During the 2010 elections, not only did Republicans running for federal office across the country milk high unemployment numbers for optimal outcomes, Republican candidates for statewide office did too.  Ultra-right conservatives brimming with tea party zealotry swept like Huns into governors’ mansions, bringing with them tea sopped Republican legislative majorities. Almost to a governor, they immediately began implementation of radical, ideologically motivated transformations of their state governments, quickly installing long-cherished conservative agendas that punished political opposition, privatized everything that hadn’t been before, handed tax windfalls to corporations and the wealthiest at the expense of everybody else, not only shifting the tax burden but targeting education, first-responders, transportation, seniors and the middle class along the way.

Whether actually succumbing to the illusion that November’s election results were not a referendum on a sour employment market but rather voter endorsement of conservative radicalism, or simply not caring what the message had been or what the voters wanted, these governors, like miniature Robsespierres set in motion their respective Reigns of Terror.  With variation from state to state, the common agenda points were eradicating unions, gutting public employee pensions, raising taxes on seniors, along with slicing their programs, cutting education spending and assistance to the needy, while in the process laying off large numbers of state workers. So much for the Republicans’ faux-concern about jobs.

Perhaps the intention was to hit hard and hit fast, damn the political consequences, believing mistakenly that what was done in haste could not be undone with equal rapidity. Ideologues seldom care what anybody thinks, bloated with righteous conviction their way is the only way. But if these Republican governors and their legislative majorities did care and still do, their constituents are currently sending them their response in the form of a mountain-sized thumbs down.

Much of the early notoriety went to Scott Walker and his band of fellow Wisconsin Republican fundamentalists. Many of those legislators now are facing recall elections during the summer, and the governor is likely to face his early next year. Starting the Kill the Unions movement and taking away promised teacher pensions has made him fairly reviled in the state of Wisconsin, though with a 43% approval rating and 54% disapproval he’s less unpopular than other prominent Republican Visigoths. Compared to Rick Scott of Florida Walker is Mr. Congeniality. Scott’s approval number is 29%, with 60% disapproval. He won the people’s hearts by cutting education spending by 10%; cutting 1,690 Corrections jobs, an overall elimination of 8,700 state jobs; granting 4 billion in tax cuts to corporations, cutting state contributions to Medicaid and forcing welfare recipients to take drug tests. But his crowning achievement in earning the animus of fellow Floridians was the purely, and meshugana  ideological decision to reject 2.4 billion in federal aid to build a high-speed train running between Orlando and Tampa, a rejection that costs the state 24.000 new jobs.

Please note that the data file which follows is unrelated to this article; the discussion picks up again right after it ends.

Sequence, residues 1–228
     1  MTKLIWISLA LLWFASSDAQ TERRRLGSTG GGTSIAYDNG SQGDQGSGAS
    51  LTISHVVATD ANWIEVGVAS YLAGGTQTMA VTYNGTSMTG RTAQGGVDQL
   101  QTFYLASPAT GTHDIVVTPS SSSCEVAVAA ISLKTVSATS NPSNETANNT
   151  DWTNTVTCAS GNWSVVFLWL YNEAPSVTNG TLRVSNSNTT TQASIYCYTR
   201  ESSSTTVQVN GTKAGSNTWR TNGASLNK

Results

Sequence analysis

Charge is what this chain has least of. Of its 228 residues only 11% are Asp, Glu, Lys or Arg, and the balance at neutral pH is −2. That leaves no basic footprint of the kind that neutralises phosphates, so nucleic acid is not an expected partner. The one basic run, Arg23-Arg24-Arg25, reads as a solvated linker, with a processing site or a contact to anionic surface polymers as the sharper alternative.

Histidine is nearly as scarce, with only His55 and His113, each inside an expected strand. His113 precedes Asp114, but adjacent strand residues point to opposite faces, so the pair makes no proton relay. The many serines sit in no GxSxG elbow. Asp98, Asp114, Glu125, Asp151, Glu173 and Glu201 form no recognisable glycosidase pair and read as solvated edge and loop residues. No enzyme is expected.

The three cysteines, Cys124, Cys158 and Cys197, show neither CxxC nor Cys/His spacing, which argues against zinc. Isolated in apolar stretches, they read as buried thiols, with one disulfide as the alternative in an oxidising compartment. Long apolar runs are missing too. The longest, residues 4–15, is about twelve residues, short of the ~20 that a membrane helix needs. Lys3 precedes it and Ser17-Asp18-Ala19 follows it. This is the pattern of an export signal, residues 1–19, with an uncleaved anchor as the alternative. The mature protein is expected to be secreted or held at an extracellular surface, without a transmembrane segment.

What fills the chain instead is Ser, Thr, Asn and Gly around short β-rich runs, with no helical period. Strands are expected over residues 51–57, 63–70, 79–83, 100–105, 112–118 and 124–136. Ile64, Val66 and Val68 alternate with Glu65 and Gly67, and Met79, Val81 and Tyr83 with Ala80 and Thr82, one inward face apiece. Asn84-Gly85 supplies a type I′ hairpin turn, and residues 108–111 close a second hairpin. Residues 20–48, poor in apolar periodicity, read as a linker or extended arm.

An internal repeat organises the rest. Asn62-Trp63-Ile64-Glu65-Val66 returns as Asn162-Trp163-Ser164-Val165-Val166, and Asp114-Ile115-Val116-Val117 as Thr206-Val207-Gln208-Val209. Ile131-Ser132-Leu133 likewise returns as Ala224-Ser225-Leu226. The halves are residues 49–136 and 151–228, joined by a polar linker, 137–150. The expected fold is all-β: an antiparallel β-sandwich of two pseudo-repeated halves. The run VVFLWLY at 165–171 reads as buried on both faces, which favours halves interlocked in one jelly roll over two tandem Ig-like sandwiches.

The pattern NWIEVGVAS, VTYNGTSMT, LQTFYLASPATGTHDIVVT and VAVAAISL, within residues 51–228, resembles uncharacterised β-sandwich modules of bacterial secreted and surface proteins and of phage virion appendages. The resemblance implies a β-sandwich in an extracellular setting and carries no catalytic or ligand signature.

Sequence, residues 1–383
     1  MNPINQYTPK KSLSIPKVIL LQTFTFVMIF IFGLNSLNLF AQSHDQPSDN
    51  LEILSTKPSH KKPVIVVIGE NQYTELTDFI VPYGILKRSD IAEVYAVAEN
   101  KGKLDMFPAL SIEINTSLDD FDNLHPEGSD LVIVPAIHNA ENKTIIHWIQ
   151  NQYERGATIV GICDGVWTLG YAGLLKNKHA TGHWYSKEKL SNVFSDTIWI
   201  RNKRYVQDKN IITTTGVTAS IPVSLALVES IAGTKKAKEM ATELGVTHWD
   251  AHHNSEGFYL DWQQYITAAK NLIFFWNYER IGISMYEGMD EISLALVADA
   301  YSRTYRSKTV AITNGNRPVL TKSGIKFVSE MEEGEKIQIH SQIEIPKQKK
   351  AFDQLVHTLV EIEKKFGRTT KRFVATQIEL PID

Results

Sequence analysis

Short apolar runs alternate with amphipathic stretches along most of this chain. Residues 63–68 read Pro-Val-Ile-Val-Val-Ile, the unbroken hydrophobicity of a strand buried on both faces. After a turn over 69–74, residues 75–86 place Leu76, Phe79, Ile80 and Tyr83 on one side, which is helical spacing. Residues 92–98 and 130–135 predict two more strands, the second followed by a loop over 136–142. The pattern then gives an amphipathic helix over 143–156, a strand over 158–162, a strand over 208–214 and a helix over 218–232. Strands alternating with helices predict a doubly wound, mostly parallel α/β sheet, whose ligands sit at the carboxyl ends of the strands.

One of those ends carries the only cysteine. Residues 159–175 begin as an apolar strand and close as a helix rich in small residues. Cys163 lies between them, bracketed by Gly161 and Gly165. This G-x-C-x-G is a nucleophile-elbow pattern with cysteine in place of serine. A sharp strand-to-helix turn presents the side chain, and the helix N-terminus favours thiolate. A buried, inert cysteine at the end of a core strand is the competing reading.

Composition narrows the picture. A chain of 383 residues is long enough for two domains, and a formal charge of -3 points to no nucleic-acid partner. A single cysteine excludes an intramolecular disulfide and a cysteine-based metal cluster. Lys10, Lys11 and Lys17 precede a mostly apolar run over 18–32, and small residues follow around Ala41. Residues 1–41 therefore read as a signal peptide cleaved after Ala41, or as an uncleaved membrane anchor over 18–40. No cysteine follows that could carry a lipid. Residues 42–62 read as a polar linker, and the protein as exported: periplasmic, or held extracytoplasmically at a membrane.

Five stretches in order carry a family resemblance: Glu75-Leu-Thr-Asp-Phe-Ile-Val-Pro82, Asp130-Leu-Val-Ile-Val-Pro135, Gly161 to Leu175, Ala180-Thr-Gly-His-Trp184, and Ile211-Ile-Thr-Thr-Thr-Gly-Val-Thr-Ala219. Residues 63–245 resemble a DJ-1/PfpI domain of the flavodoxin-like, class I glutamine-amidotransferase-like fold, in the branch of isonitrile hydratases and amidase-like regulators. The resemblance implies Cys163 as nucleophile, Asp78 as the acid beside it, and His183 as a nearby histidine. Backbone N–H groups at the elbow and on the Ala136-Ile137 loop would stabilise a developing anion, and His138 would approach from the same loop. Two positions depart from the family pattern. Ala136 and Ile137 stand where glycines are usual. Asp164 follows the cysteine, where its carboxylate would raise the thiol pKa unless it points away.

Fellow travelling union buster John Kasich, governor of Ohio threw K-12 and higher education overboard, along with a third to a half of finances going to local governments each year in order to subsidize coddling tax rates for corporations. Those local communities either must offset the losses by raising local regressive taxes or face losing many local services residents have been depending on. His unpopularity is now competitive with woebegone Rick Scott’s, approved by only 33% of Ohioans, while disapproved by 56%.

Rick Snyder of Michigan is about as popular as Stalin, primarily because he’s acting like him. His plan allowing himself to declare an emergency, appointing an administrator to replace mayors and city councils in local communities is eye-popping reform, you must admit. These coup-by-governor emergencies would of course nullify all existing local agreements and contracts with public workers in cities and towns, a sort of Rawandan teacher pay reduction method heavy on the machete. He’s also beloved for making up for giving an 86% reduction in business and corporate taxes by taxing seniors’ pensions. His current numbers are 33% positive, 56% negative.

Chris Christie of New Jersey is supposed to be the Republicans’ gubernatorial golden boy, with everyone on the right from Karl Rove to Ann Coulter begging him to save the day by inserting his huge political girth into the Republican presidential field of sleepy little people. Unfortunately for his disciples, after doing the usual Republican number on state teachers and workers, and rejecting federal money designed to expand and improve the subway connection from New Jersey to Manhattan for thousands, or maybe millions of Jersey commuters, and in the process add a  gazillion jobs, his numbers now stand at 36% approval, 56% disapproval.

I believe it’s possible to detect a trend here. I also believe it’s possible to make the judgment these have not been what one might call popular revolutions. You could say these guys are making the most of the little time they may have. These uniform right-wing agendas from state to state have been offered to citizens by their radicalized governors, and the voters and citizens have reacted by heaving up on the governors’ shoes.

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